Positive feedback doesn't require this time. People like receiving positive feedback, and most managers like (or like well enough) to give it. If you flub the wording a little, people will forgive in a way that they don't with negative feedback. Positive feedback generally doesn't require you to self-monitor your emotions or tone. After the fact, the employee may continue thinking about it, but not in a way that distracts them from other work. 

Quality diminishes when work goes unnoticed

At one of my jobs, every manager had to submit a monthly report of their activities and the activities of their department: highlights, important milestones, issues faced, that sort of thing. Early on, I poured a lot of work into these. I prided myself on giving my boss an accurate picture of both the successes and the challenges I was facing. She never mentioned the reports. As months went by, I spent less time on them, just doing enough to call it finished. After about 18 months, I stopped submitting them altogether. She never mentioned the reports. I was promoted, and she no longer supervised me. Only then did she say, "You know, I was pretty surprised when you stopped submitting your monthly reports. They really helped me know what was going on, and they're technically required. Other than that, your work was great."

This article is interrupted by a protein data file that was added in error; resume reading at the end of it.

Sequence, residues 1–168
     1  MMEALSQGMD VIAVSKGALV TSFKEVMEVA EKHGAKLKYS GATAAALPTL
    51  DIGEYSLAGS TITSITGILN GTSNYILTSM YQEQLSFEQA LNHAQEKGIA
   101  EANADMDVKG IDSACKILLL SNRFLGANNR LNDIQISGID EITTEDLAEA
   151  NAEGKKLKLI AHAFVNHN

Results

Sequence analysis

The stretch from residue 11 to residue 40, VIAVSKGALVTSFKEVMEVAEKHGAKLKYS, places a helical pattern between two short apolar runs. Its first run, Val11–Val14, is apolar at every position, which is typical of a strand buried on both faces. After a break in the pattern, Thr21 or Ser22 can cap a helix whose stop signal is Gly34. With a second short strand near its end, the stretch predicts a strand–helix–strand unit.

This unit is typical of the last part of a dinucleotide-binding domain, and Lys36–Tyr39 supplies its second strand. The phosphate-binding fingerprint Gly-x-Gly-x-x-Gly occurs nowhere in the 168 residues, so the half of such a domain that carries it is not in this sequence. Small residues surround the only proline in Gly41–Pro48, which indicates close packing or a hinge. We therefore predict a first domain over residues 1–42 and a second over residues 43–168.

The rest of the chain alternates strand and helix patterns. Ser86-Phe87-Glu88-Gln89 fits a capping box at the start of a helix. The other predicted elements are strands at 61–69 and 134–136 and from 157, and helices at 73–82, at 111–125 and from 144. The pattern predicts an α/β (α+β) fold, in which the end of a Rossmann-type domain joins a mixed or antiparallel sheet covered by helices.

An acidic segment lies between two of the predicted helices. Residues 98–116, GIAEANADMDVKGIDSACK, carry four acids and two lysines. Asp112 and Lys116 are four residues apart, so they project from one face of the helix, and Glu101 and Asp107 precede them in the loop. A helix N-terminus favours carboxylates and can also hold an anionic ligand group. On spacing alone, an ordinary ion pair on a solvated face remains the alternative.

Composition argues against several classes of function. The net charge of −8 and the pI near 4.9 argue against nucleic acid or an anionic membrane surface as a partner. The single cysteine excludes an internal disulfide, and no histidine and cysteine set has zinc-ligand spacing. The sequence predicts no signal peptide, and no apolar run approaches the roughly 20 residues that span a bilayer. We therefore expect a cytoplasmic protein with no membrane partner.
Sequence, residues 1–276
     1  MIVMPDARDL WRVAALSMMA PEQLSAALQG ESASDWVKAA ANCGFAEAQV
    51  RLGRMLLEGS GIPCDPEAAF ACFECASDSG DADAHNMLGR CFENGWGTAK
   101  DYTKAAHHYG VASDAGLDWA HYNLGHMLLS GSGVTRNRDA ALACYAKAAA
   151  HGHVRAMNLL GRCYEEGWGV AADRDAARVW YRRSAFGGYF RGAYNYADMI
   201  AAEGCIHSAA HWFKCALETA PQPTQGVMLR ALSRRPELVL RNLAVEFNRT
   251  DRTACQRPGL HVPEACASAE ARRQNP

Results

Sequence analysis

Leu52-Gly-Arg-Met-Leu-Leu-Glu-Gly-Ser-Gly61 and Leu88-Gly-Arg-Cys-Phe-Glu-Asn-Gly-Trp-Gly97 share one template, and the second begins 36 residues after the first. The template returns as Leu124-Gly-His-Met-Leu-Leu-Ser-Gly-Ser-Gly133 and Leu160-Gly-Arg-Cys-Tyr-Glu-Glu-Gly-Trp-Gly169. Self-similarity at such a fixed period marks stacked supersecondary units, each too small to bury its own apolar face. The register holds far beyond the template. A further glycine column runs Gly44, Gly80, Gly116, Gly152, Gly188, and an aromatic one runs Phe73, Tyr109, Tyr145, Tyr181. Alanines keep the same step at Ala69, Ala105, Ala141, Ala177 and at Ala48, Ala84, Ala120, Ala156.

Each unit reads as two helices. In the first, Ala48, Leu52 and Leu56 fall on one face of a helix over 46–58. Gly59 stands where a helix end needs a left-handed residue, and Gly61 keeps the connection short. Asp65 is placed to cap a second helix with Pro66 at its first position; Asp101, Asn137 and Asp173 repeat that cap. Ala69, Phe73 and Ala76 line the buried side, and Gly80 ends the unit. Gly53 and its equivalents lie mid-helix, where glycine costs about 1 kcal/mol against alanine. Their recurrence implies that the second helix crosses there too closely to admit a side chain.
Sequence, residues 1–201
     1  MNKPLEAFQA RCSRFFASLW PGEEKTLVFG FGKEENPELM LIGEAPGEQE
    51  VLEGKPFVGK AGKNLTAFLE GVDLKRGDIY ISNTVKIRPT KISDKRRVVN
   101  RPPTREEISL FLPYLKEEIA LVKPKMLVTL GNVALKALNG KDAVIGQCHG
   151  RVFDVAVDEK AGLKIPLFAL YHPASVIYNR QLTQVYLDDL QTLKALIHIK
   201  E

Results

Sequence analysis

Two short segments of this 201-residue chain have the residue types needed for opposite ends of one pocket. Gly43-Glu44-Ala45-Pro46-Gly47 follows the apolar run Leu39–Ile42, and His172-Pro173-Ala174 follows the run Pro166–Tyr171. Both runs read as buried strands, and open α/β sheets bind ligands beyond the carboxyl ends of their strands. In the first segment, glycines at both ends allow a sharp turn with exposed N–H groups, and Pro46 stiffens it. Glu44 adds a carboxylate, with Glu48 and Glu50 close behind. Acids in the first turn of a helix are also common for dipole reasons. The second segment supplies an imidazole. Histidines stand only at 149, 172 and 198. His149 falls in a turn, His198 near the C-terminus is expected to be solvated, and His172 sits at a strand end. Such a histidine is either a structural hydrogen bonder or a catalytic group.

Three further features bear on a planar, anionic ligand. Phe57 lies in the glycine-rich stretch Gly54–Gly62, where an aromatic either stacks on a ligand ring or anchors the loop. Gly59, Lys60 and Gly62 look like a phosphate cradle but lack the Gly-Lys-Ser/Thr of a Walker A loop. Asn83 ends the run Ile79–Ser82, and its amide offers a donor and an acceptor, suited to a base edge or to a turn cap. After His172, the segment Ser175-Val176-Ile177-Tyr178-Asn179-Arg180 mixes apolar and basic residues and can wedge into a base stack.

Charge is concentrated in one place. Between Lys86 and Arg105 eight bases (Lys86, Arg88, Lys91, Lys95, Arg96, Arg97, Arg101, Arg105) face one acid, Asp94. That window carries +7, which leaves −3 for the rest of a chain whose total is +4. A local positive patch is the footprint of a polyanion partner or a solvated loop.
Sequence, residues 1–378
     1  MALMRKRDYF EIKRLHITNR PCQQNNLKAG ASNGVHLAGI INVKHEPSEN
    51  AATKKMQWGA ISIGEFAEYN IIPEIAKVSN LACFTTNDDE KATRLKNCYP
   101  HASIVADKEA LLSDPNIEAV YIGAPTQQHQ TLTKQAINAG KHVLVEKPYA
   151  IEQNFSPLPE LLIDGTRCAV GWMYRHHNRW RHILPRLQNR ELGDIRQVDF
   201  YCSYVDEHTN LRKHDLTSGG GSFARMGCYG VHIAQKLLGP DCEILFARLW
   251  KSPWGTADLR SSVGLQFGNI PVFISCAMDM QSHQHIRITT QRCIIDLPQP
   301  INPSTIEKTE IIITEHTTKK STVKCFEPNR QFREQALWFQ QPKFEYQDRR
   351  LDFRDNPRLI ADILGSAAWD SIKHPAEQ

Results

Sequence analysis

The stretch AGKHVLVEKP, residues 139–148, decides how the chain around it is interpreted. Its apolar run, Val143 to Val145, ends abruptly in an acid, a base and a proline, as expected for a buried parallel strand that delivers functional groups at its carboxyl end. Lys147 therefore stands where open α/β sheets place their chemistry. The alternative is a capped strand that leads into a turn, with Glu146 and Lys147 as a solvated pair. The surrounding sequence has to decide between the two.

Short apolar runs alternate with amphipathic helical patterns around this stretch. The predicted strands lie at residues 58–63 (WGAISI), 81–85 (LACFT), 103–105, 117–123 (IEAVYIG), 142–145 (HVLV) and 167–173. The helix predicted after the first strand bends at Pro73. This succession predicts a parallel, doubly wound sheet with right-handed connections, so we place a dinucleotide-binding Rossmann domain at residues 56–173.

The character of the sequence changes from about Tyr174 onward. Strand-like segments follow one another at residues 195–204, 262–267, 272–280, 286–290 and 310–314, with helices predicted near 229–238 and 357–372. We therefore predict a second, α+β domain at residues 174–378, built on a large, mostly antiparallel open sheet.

As I've said elsewhere in this blog: work that is not communicated is not finished. That goes for managers too. It is not enough to notice your employees' work. You must tell them you noticed, or they will assume that work isn't important. We're all busy. We don't have time to waste on unimportant things. Just like I stopped doing those reports, your employees will stop (or minimize their time on) work that isn't getting them positive feedback.

Wrap up

Positive feedback provides more guidance than we give it credit for. We fall into the trap of thinking that negative feedback is the "real" way to guide employees toward more effective work. We give positive feedback to sort of "pay our due" for giving negative. 

That thinking is totally inaccurate. In fact, aside from egregious errors, it is possible to successfully guide your employees' work using only positive feedback. If you've got an employee that shows up late sometimes, give positive feedback when they're on time. If you've got an employee that misses details, give positive feedback when they get the nuances right. Positive feedback literally tells employees, "Do more of this." Do not trick yourself into thinking that it is just praise.